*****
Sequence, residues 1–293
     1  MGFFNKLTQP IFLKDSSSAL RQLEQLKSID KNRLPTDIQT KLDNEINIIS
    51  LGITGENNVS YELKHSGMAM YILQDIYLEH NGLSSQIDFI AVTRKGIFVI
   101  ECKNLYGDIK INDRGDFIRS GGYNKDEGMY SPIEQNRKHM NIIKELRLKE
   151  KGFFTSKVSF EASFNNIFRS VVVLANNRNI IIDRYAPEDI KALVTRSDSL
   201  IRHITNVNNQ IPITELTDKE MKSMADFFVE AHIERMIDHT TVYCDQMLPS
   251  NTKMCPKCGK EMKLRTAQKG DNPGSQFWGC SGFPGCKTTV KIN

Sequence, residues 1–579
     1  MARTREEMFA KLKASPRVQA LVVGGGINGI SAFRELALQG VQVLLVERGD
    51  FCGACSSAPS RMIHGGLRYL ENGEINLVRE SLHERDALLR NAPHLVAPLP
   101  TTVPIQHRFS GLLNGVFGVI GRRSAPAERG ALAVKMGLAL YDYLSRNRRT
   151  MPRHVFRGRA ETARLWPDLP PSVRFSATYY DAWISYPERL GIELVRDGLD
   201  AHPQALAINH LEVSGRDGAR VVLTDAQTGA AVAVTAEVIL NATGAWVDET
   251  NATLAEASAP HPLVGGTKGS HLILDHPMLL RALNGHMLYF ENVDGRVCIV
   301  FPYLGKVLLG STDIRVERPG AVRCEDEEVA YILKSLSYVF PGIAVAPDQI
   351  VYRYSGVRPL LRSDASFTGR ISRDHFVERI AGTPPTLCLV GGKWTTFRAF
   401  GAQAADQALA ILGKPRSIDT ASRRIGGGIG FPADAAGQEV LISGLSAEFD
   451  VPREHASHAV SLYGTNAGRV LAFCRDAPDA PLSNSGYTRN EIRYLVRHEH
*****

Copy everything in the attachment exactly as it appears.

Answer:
Sequence, residues 1–293
     1  MGFFNKLTQP IFLKDSSSAL RQLEQLKSID KNRLPTDIQT KLDNEINIIS
    51  LGITGENNVS YELKHSGMAM YILQDIYLEH NGLSSQIDFI AVTRKGIFVI
   101  ECKNLYGDIK INDRGDFIRS GGYNKDEGMY SPIEQNRKHM NIIKELRLKE
   151  KGFFTSKVSF EASFNNIFRS VVVLANNRNI IIDRYAPEDI KALVTRSDSL
   201  IRHITNVNNQ IPITELTDKE MKSMADFFVE AHIERMIDHT TVYCDQMLPS
   251  NTKMCPKCGK EMKLRTAQKG DNPGSQFWGC SGFPGCKTTV KIN

Sequence, residues 1–579
     1  MARTREEMFA KLKASPRVQA LVVGGGINGI SAFRELALQG VQVLLVERGD
    51  FCGACSSAPS RMIHGGLRYL ENGEINLVRE SLHERDALLR NAPHLVAPLP
   101  TTVPIQHRFS GLLNGVFGVI GRRSAPAERG ALAVKMGLAL YDYLSRNRRT
   151  MPRHVFRGRA ETARLWPDLP PSVRFSATYY DAWISYPERL GIELVRDGLD
   201  AHPQALAINH LEVSGRDGAR VVLTDAQTGA AVAVTAEVIL NATGAWVDET
   251  NATLAEASAP HPLVGGTKGS HLILDHPMLL RALNGHMLYF ENVDGRVCIV
   301  FPYLGKVLLG STDIRVERPG AVRCEDEEVA YILKSLSYVF PGIAVAPDQI
   351  VYRYSGVRPL LRSDASFTGR ISRDHFVERI AGTPPTLCLV GGKWTTFRAF
   401  GAQAADQALA ILGKPRSIDT ASRRIGGGIG FPADAAGQEV LISGLSAEFD
   451  VPREHASHAV SLYGTNAGRV LAFCRDAPDA PLSNSGYTRN EIRYLVRHEH